Workers’ Compensation Temporary Disability Benefits

If you’ve been injured on the job, you may be asking yourself, “What do I do now?” Of course, your first priority is to try and obtain the needed medical treatment to heal from your injuries so that you can get back to work.  Medical care is paramount to your recovery and should be the first thing on your list. Your medical providers can help you heal faster by providing the treatments, prescription medications, or therapies that you need. All injuries take time to heal, and your ability to recover and the time it takes for recovery will depend on many factors, including the nature and extent of the injuries you’ve sustained and whether the recommended treatment is authorized by the Employer, the Workers Compensation Carrier or their administrator.

Your medical team may advise that you stay home from work to give your body the time it needs to rest and recover.  It’s also possible that you may be able to go back to work, but in a reduced or light duty capacity. Either way, when you can’t work or the hours you can work are limited due to a workplace injury, it places you in a position of enormous stress, wondering where the money to pay your bills is going to come from.

What you may not know is that if you’ve been injured in a workplace accident while performing duties in the course and scope of your employment, California’s workers’ compensation laws are there to protect you.  These laws may allow you to get paid while you’re recovering if you qualify for temporary disability benefits. Attorney Todd Tatro is a certified specialist with extensive knowledge and experience in dealing with the complicated workers’ compensation laws and related benefits, including temporary disability.  Once retained, he will fight to make sure that you receive the temporary disability benefits that you’re entitled to, and this in turn will help take the burden of finances off your shoulders so that you can focus on healing.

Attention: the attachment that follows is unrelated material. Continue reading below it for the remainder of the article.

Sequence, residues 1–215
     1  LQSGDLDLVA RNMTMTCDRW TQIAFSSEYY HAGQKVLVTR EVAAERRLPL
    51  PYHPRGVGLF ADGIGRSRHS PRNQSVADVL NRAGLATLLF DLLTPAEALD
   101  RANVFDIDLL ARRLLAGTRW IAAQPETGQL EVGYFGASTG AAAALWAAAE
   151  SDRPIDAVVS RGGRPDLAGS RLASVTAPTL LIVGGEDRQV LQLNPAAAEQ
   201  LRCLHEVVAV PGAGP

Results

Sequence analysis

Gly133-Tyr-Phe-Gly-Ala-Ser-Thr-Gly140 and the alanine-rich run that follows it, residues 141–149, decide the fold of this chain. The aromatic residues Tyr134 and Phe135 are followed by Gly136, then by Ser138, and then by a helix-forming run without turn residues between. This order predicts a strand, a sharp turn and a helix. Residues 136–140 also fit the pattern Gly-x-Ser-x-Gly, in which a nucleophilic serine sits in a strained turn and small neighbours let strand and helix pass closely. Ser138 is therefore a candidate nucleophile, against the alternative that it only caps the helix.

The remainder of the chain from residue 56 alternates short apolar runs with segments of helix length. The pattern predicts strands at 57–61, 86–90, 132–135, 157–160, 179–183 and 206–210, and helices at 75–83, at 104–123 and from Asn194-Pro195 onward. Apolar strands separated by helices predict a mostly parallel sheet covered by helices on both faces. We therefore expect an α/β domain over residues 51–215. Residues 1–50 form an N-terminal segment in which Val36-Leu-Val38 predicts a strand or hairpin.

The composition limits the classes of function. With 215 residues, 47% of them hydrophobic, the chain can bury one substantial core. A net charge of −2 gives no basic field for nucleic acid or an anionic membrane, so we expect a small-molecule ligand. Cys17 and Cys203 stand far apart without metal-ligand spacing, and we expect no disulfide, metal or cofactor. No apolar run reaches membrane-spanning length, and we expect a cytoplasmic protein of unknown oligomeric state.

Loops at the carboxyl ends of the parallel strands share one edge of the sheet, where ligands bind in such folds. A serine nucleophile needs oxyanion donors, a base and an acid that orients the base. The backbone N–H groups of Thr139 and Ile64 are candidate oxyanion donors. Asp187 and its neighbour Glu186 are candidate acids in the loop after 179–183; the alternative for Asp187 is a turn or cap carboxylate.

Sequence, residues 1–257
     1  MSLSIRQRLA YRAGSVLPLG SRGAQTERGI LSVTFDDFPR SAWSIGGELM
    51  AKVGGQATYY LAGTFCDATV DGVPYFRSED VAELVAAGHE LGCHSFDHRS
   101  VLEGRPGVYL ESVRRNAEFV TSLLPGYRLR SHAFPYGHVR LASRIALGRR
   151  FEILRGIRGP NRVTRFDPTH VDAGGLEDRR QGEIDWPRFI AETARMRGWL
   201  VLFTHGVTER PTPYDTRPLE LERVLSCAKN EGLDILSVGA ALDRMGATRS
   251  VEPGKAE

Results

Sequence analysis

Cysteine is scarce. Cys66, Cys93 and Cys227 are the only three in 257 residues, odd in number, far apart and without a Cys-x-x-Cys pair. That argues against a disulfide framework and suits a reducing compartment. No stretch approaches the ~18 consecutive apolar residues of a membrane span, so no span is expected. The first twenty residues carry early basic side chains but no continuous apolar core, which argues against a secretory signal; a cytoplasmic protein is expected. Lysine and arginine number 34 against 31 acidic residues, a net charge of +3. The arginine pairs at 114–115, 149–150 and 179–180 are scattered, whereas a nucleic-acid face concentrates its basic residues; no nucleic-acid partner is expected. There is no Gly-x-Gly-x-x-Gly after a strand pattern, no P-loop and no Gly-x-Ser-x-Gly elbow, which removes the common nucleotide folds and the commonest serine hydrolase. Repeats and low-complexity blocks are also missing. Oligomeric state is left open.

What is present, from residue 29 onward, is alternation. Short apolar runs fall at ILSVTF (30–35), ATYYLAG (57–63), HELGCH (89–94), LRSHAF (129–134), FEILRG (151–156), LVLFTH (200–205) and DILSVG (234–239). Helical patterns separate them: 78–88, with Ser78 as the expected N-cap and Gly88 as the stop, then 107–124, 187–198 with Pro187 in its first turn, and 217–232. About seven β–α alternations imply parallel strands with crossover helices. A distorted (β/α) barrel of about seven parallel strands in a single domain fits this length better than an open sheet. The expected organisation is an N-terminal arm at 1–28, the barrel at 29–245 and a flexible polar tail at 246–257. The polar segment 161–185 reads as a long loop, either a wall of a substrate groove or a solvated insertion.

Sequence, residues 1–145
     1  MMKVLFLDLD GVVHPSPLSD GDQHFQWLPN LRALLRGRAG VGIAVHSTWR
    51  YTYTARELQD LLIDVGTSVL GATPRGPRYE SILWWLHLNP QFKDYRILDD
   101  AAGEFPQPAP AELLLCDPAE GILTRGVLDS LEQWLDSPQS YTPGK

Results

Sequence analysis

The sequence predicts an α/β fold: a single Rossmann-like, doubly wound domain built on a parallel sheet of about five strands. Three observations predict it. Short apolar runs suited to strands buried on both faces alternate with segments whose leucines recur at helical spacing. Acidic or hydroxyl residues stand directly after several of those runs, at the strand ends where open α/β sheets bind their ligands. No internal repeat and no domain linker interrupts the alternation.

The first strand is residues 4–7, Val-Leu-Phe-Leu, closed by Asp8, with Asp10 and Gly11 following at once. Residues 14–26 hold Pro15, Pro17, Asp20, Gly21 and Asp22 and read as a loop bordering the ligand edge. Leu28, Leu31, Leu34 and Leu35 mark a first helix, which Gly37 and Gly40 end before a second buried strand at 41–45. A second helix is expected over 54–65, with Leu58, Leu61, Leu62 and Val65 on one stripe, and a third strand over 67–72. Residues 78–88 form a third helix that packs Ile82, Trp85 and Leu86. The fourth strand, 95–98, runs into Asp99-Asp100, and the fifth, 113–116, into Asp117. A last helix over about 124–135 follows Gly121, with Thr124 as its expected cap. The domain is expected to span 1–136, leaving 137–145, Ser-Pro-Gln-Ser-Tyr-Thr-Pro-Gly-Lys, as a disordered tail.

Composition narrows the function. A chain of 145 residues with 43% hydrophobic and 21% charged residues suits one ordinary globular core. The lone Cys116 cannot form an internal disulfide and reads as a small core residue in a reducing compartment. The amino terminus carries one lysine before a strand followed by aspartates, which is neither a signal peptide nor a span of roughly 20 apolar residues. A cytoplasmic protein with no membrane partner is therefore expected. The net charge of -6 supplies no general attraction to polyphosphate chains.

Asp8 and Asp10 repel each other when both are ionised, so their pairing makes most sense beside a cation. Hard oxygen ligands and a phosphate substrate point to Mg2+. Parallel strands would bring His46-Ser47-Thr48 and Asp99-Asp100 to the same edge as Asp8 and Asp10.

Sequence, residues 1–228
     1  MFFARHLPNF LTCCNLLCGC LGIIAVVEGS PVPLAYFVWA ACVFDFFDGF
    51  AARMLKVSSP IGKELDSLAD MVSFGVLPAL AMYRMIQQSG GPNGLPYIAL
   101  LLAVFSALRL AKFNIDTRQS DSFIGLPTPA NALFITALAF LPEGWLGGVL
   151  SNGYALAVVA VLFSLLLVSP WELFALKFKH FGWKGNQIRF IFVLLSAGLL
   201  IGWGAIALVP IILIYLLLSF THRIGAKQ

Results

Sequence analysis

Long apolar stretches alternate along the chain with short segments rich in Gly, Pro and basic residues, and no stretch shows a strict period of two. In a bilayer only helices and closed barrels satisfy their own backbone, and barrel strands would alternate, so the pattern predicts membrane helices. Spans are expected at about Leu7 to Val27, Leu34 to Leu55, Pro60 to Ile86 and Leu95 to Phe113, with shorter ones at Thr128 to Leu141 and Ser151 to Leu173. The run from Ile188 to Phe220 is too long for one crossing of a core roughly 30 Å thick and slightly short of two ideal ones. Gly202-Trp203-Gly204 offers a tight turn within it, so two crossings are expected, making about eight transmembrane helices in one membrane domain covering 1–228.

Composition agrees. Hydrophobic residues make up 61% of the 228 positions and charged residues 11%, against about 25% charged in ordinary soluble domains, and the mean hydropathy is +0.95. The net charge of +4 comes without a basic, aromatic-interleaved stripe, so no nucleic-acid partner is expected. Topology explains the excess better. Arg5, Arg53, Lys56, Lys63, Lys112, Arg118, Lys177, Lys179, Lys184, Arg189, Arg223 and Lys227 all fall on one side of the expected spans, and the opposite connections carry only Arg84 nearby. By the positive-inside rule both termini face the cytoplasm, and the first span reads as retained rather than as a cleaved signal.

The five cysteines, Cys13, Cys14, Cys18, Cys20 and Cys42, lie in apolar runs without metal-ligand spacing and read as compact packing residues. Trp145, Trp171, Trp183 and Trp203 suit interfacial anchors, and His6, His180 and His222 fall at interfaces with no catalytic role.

About Temporary Disability

From a historical standpoint, prior to the Workers’ Compensation System coming into existence, it used to be that those who were injured at work really had no options. If they couldn’t work because of the injuries they sustained, they simply didn’t get paid. The employer was not responsible for paying their salary if they weren’t there. And of course, if someone is injured and isn’t able to produce income, the bills pile up very quickly. Even if they did recover fully from their injuries and could eventually go back to work, it was often too late because many times the financial damage was already done, and these people and their families could not financially recover.

Today, there are a wide array of workers’ compensation laws that have been put in effect that are specifically designed to try and eliminate or reduce the potential financial devastation that had previously occurred in the above scenario.  Anyone injured on the job today while an employee of another and performing work in the course and scope of their employment is usually entitled to some form of workers’ compensation benefits.  If they qualify, temporary disability benefits/payments are one of those benefits.  Temporary disability payments are designed to be short-term benefits that are designed to help you to stay financially stable during a transitory incapacity to work while you recover from your workplace injuries.  Generally, temporary disability benefits are based on a percentage of your average weekly earnings prior to the date of injury, subject to minimum and maximum rates that are fixed by statute.  However, when your treating physician or an evaluating physician gives you the go-ahead to go back to work and/or finds that your injuries have plateaued or stabilized thereby  reaching either a Permanent and Stationary (P&S) or Maximum Medical Improvement (the term currently used and known as MMI) status, your potential rights to temporary disability payments will end.

Who Is Eligible for Temporary Disability Benefits?

There are two different types of temporary disability benefits that are available under the California workers’ compensation laws. If you are considered totally disabled and unable to work by your doctors and have been taken off work while you recover,  then you are entitled to what is known as temporary total disability benefits.  However, if your doctor indicates you can work in a reduced capacity while you recover from your injuries, then you may be eligible to receive what is known as temporary partial disability or wage loss benefits.

To become eligible for any workers’ compensation benefits, it is important to keep in mind that your claim for benefits must first be approved or accepted by either your claim administrator.  On the other hand, if your case has been denied any benefits you might be entitled too would in most situations would need to be Awarded by the Administrative Law Judge assigned to your case based on a finding of a compensable injury and entitlement to such benefits, unless an agreement can be reached with defendants to pick up your case and provide such benefits.  For this reason, it is imperative that you have an experienced workers’ compensation attorney such as Todd R. Tatro on your side. After you’ve received your initial treatment for your on the job injuries, you should immediately contact Mr. Tatro for a consultation to discuss your case and potential rights to workers’ compensation benefits.

Temporary Disability Benefit Payments